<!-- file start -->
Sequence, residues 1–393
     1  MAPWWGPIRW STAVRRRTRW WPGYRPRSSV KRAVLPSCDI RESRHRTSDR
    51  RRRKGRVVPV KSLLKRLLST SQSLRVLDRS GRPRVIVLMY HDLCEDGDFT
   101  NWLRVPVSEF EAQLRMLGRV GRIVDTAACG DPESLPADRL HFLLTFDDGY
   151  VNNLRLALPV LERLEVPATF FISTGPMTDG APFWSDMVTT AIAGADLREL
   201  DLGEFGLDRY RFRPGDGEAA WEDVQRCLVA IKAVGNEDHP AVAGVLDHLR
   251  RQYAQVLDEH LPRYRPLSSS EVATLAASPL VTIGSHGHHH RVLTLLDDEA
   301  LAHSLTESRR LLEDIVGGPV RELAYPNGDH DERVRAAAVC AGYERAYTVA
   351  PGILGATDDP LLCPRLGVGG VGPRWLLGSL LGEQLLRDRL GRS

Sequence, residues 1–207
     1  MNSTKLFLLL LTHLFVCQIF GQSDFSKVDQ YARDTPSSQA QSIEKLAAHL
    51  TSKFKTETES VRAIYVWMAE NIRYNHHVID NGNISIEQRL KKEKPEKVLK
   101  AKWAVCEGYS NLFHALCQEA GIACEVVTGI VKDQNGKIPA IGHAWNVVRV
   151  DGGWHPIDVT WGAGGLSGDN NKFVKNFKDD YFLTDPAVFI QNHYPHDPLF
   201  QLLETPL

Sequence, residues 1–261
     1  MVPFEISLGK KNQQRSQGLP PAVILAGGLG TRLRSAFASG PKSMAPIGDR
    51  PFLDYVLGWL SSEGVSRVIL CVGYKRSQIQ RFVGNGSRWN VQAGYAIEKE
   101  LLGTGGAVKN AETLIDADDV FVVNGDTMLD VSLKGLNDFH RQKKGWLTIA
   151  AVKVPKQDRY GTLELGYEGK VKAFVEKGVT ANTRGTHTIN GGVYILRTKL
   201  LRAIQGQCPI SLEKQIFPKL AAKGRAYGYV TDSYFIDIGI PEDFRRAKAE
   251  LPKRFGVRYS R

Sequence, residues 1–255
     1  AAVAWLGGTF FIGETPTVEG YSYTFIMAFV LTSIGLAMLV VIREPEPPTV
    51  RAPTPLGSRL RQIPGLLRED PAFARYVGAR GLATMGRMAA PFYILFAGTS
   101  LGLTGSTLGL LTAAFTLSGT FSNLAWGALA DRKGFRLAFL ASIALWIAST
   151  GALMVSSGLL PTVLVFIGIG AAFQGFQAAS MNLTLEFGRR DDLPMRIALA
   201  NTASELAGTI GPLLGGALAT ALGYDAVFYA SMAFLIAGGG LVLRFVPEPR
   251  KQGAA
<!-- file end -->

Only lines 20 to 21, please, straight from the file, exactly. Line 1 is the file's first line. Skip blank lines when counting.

   151  AVKVPKQDRY GTLELGYEGK VKAFVEKGVT ANTRGTHTIN GGVYILRTKL
   201  LRAIQGQCPI SLEKQIFPKL AAKGRAYGYV TDSYFIDIGI PEDFRRAKAE